The hard truth is that, while he showed flashes, his rookie season did nothing to guarantee that he is going to be a franchise quarterback. The Bears certainly didn’t bet on him becoming one this offseason, unlike the last regime did with Mitch Trubisky.

Whether the Bears 2022 season is a success or failure is going to depend largely on Fields. If he can build off success of late last season, the team might be OK. If he can’t, they’ll have a very high draft pick and, very likely, will be looking at another talented quarterback prospect.

It’s fair to say the Bears haven’t given Fields the necessary tools to succeed.

It’s also fair to say that really good quarterbacks make the players around them better.

The worst thing that can happen — which is perhaps what the Bears have set themselves up for — is that they still don’t know what kind of player Fields is following this season. In that case, they’d probably jump on the opportunity to draft another top quarterback prospect and trade Fields.

But, make no mistake, the current long-term plan has to be for Fields to be the guy and he has the opportunity to make sure that is the case. We know he can make big plays; we need to see more consistency on the routine concepts.  His performance in 2022 doesn’t have to be judged by statistics; he needs to show leadership and the ability to come through for his team when it needs him the most. We need to see more performances like the one he had in Pittsburgh.

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Dannehy: If Bears Sincerely Like Montgomery, Expect Extension

| April 13th, 2022


If the Chicago Bears actually like David Montgomery, you can bet they’ll end up paying him.

The team will likely wait until after the season, though that could be a mistake if they’re able to get their running game going. While fans have argued about if Montgomery is good enough or if any running back should be paid, in general, the fact of the matter is teams who run the system the Bears are going to run usually end up paying their running backs.

Offensive coordinator Luke Getsy comes from Green Bay where the team spent a second-round pick on AJ Dillon and then paid Aaron Jones a contract that averaged $12 million per year. That wasn’t an exception to the rule. Other running backs from the same system who have gotten large contracts include Dalvin Cook, Todd Gurley, Jerick McKinnon, Arian Foster, Davonta Freeman and Derrick Henry. The Cleveland Browns paid both Nick Chubb and Kareem Hunt.

The people who run this offense value running backs, even if fans do not. The question isn’t if they’ll be willing to pay a running back, it’s if they’ll be willing to pay Montgomery.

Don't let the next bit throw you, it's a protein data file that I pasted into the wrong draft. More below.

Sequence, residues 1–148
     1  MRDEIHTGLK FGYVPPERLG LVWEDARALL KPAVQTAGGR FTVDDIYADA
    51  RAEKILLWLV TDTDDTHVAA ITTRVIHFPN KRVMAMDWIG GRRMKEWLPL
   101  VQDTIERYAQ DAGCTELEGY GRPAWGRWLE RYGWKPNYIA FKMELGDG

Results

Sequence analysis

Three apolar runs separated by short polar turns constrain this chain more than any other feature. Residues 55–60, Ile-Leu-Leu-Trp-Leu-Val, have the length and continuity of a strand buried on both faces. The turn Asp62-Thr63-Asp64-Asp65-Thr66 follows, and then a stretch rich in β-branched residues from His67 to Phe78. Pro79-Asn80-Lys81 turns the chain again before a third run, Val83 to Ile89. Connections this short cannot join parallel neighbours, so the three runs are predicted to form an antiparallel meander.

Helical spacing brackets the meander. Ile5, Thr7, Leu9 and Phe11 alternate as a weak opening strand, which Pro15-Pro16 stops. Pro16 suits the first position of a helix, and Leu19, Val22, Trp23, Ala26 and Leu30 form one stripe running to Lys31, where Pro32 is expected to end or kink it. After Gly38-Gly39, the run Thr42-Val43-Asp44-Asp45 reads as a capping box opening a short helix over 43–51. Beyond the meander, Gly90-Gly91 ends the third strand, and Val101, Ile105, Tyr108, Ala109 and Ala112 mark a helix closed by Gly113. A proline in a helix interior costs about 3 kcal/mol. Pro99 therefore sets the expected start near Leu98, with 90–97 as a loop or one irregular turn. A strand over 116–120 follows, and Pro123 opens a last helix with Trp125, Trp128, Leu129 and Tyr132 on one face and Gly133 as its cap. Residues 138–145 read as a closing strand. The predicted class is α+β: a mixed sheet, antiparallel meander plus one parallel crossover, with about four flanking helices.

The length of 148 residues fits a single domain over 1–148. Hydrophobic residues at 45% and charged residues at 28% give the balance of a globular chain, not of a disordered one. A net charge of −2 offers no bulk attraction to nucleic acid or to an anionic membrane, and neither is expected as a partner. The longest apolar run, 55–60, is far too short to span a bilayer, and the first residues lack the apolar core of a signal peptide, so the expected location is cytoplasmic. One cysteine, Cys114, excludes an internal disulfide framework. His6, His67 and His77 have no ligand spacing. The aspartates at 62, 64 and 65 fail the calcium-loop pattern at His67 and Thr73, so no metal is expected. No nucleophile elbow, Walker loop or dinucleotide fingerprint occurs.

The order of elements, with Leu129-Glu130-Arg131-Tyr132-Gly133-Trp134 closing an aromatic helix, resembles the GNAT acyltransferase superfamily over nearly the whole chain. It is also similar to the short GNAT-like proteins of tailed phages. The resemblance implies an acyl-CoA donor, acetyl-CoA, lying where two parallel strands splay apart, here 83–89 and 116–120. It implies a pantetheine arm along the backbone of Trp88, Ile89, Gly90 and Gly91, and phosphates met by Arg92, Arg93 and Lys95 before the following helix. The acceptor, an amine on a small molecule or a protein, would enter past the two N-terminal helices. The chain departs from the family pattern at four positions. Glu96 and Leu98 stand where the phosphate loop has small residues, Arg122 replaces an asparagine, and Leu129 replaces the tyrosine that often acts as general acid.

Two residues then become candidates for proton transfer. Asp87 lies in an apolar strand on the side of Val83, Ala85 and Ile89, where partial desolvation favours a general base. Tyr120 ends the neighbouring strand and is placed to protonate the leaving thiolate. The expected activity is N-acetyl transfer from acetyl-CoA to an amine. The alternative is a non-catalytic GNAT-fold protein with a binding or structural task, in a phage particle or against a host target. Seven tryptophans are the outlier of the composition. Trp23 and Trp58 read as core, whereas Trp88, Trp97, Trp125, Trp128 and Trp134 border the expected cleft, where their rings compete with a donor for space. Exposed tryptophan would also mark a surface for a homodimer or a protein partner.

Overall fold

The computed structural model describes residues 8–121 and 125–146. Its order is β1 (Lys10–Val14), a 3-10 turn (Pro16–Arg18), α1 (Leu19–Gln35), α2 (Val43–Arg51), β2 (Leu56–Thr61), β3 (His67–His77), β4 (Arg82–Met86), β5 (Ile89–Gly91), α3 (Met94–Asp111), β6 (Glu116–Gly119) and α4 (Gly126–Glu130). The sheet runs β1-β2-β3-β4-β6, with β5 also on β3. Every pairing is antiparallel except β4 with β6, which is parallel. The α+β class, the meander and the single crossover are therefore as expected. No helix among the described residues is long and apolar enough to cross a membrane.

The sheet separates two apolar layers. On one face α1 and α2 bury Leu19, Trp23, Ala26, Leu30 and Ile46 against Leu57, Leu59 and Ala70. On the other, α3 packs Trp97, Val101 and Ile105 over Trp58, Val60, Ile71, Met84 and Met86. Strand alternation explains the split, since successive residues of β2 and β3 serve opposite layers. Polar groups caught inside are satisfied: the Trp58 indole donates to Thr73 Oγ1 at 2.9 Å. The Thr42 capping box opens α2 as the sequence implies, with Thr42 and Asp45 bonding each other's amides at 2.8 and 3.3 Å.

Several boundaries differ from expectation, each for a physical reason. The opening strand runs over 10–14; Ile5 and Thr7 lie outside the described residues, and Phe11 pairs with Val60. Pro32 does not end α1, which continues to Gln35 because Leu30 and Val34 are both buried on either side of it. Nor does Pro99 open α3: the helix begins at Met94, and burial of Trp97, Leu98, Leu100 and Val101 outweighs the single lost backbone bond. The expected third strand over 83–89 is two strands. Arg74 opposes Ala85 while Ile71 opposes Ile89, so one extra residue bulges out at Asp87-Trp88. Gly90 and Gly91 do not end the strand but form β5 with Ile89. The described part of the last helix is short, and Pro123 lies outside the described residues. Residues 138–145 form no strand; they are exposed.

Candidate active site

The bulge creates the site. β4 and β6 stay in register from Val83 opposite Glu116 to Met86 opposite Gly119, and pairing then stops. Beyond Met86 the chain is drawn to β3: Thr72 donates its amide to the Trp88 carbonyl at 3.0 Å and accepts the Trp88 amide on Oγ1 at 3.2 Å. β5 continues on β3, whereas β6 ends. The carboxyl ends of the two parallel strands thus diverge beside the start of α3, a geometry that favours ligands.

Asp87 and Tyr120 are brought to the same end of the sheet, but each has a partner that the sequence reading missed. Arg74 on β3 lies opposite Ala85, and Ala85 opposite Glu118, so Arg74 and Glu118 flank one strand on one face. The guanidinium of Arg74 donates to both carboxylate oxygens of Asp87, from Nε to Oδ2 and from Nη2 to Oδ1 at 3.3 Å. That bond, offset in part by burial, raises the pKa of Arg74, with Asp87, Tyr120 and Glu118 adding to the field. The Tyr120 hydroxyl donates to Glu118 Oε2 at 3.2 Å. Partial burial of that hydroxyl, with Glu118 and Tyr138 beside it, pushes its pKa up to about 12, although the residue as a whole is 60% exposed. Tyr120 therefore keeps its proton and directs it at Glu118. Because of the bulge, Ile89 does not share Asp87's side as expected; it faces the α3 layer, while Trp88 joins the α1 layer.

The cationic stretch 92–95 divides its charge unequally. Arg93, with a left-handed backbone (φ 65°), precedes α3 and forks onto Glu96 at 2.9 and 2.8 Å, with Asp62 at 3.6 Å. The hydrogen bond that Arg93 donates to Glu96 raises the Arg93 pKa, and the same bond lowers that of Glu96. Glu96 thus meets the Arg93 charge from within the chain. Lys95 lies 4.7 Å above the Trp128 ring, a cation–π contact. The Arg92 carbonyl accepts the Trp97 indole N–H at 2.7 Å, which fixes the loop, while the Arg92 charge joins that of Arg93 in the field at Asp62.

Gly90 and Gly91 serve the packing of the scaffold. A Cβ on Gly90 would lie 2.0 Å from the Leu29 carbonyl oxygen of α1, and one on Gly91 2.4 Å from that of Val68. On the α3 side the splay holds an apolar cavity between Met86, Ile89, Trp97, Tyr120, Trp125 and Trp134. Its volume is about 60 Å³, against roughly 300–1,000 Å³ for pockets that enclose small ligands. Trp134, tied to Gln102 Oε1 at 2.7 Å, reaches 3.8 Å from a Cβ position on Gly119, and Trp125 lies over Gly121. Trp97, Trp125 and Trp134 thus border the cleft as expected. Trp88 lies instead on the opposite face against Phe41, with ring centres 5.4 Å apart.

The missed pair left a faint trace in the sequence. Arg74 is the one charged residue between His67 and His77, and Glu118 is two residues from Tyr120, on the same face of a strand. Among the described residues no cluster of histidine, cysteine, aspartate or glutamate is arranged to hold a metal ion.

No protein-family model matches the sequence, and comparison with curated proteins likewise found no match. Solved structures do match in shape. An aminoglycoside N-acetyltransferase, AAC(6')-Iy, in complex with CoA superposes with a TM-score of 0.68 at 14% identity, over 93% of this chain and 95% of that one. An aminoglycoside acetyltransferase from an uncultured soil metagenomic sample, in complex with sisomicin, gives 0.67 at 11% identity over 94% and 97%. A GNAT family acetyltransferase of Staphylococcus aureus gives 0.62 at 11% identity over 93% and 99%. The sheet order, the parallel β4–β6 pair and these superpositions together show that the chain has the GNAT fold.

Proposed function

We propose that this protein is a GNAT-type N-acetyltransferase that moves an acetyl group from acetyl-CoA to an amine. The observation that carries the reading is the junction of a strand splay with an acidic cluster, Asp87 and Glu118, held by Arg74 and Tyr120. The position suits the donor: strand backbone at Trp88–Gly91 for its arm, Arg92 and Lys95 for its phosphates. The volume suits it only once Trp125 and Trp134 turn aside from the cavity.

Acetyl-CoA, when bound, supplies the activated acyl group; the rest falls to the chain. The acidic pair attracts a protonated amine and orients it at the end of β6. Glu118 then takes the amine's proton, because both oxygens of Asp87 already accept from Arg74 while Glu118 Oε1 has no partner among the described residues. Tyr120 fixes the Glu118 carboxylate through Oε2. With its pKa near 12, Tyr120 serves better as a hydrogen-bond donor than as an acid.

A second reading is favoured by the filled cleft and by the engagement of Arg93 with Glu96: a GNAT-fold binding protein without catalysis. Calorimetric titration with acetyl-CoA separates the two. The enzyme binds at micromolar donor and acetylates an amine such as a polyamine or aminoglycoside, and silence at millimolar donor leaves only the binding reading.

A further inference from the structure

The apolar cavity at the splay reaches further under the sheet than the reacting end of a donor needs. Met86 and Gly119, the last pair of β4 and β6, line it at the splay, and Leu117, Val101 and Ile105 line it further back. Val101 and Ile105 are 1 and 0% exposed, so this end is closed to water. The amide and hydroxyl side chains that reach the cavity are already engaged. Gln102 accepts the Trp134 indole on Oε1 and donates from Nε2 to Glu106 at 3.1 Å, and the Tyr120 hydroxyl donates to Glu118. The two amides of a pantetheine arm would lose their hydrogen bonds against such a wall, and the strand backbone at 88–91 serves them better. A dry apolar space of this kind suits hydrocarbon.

Getsy didn’t say much when he was introduced; at one point he even questioned the idea of what a playbook is. Head coach Matt Eberflus was effusive in his praise of Montgomery when he met the media at the owner’s meetings.

“You talk about motor and mean, yeah, he is that guy,” Eberflus said. “Serious. A pro. Worker. He’s going to be exciting to work with, and he’s going to fit right in. He’s the kind of guy that just says, ‘Hey, watch me go. I’m not going to say a whole bunch of things, but just watch me do my job.'” Eberflus has spoken about adding more running backs to the mix, but it’s clear he likes Montgomery. A lot.

Perhaps it’s just offseason talk or a smoke screen; we can’t really rule anything out right now. But if Eberflus is sincere, and Montgomery plays well in 2022, he’s going to be in Chicago beyond next season.

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David Montgomery is an Inefficient Running Back.

| February 3rd, 2022

Bears running back David Montgomery has one year remaining on his rookie contract, meaning he is eligible for an early extension if the Bears want to give him one. After George McCaskey specifically praised Montgomery and linebacker Roquan Smith (who is also looking to get paid this offseason) at his end of season press conference in January, many fans speculated that both were about to get paid.

On the surface, an extension could make sense for Montgomery. Since entering the NFL in 2019, he is 6th in the league in carries, 9th in rushing yards, and 12th in rushing touchdowns. But those are volume stats and say nothing about Montgomery beyond his ability to stay healthy and handle a heavy workload. Today I want to take a closer look at Montgomery’s efficiency to see if he is a good running back or just a running back who gets a lot of touches.